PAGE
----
News / Asia

Karzai Orders US Special Forces Out of Eastern Afghan Province

Security officials investigate the scene of a suicide car bomb attack, which killed and injured several people at the National Directorate of Security in Jalalabad, Afghanistan, February 24, 2013.
Security officials investigate the scene of a suicide car bomb attack, which killed and injured several people at the National Directorate of Security in Jalalabad, Afghanistan, February 24, 2013.
Afghan President Hamid Karzai has ordered the removal of all U.S. special forces from an eastern province in response to allegations that those forces or their Afghan allies may have committed rights abuses against civilians.

Karzai's spokesman Aimal Faizi told reporters Sunday that a government investigation of security incidents in Wardak province found that armed men suspected of ties to U.S. Special Forces were engaged in "harassing, annoying, torturing and even murdering innocent people."  He said the Afghan defense ministry has been ordered to ensure that all U.S. Special Forces are out of the province within two weeks.
 
"All the armed forces of the Islamic Republic of Afghanistan are obliged to immediately prevent the operations by all the groups under the name of Special Forces, who are going into houses of people, which results in disturbance and killing of our innocent people and bring to justice, in order to safeguard the properties and lives of people in Maidan Wardak province," Faizi said.

It is the first time the Afghan president has issued such an order against the forces of the United States, a key ally which has been helping Kabul to combat a more than decade-long Islamist insurgency by Taliban militants.

A U.S. Forces Afghanistan spokesman said he is aware of reports about Mr. Karzai's order.  Speaking to VOA by phone from Kabul, Lt. Col. Les Carroll said the U.S. military "takes all allegations of misconduct seriously" and goes to "great lengths to the determine the facts."  He said U.S. officers "intend to fully discuss" the issue of alleged rights abuses with their Afghan counterparts.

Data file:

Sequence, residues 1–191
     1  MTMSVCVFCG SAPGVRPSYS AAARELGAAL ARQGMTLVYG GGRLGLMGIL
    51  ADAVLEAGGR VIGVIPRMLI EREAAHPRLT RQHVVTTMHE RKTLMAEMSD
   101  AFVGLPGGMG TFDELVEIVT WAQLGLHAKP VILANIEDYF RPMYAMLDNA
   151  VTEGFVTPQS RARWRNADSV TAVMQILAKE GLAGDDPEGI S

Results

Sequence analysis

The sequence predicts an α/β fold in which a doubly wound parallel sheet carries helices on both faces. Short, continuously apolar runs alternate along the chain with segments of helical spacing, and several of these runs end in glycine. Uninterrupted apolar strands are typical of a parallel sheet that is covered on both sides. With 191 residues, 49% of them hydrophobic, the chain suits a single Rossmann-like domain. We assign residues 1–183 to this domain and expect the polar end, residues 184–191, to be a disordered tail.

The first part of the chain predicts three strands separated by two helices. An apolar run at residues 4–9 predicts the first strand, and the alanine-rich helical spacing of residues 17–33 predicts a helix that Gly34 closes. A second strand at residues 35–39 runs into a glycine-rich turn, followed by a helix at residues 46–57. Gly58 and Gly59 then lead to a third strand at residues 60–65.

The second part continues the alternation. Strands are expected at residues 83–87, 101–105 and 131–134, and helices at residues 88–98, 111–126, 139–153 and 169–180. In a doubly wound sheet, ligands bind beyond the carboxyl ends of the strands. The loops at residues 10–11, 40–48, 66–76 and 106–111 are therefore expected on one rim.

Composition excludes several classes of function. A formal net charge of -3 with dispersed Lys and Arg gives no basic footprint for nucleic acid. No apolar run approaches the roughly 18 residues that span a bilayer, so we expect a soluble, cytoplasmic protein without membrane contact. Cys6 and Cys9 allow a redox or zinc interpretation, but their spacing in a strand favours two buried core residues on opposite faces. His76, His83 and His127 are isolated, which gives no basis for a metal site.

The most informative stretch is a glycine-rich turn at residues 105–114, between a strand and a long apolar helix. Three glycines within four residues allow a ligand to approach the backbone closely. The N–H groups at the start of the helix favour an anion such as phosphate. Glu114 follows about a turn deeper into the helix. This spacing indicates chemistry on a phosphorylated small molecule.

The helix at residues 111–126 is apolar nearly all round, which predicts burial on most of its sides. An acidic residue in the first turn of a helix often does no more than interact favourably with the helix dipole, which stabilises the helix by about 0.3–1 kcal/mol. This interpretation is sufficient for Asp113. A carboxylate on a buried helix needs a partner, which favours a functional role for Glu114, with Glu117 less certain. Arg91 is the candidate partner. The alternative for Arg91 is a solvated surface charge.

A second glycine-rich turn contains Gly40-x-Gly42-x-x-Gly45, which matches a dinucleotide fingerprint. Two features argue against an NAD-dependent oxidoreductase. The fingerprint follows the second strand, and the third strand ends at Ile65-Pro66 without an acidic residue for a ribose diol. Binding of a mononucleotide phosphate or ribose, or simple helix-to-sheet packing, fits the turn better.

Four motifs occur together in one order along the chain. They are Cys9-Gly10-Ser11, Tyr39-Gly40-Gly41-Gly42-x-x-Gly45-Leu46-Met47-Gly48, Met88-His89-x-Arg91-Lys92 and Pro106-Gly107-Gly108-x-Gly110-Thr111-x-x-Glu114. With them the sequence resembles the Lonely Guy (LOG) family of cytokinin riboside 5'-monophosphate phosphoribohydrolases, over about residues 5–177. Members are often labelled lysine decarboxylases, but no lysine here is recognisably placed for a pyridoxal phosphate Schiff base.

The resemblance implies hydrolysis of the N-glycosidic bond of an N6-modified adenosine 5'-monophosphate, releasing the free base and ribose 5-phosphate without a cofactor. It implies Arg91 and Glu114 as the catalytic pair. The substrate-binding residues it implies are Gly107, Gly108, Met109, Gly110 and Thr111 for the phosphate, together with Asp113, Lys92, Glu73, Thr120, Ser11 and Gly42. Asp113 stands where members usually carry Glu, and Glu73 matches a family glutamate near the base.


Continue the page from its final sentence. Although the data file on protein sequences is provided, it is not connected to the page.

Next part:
The Afghan presidential statement cited two recent examples of alleged misconduct by U.S. Special Forces or their allied Afghan militias in Wardak.  In one incident, it said nine people disappeared during an operation by what it called a "suspicious force," while in the other, the tortured body of a student was found two days after he was "taken away at night from his home."

Karzai's office said the U.S. military denied any involvement in such cases.  It said Afghan security forces will bring to justice those responsible for the abuses and urged local residents to help identify the culprits.

In an additional move, Karzai ordered the U.S.-led NATO force in Afghanistan to stop all special force operations in Wardak immediately.

It is not clear how a pullout of U.S. special forces from the province would affect the fight against the Taliban.

NATO troops have facilities in Wardak.  But Afghan government forces already have taken a security lead in some parts of the province as part of a NATO plan to withdraw most of its troops from the country by the end of 2014.

Taliban attacks in Wardak also have declined in recent months.

Wardak's population is predominantly Pashtun, the same ethnic group as the Taliban.  A VOA reporter in Islamabad says Pashtun tribal elders may be using the improved security situation to pressure Mr. Karzai into removing foreign forces from their province.

But, insurgent attacks have continued in other parts of eastern Afghanistan, where three security personnel were killed in suicide bombings on Sunday.

In one of the day's attacks, a suicide car bomber rammed a vehicle into the gate of an intelligence compound in the eastern city of Jalalabad.  Officials said the blast killed two agents of the National Directorate of Security and wounded three others.  In another attack, a suicide car bomber struck a police checkpoint in the nearby town of Puli Alam, killing one officer.  Taliban militants claimed responsibility for both bombings.

Authorities said security forces thwarted an additional suicide car bombing in Kabul by shooting and killing the would-be assailant.  They said the incident happened near a construction site in a part of the capital housing government and foreign diplomatic offices.  Insurgents had staged a large-scale attack in the area last April.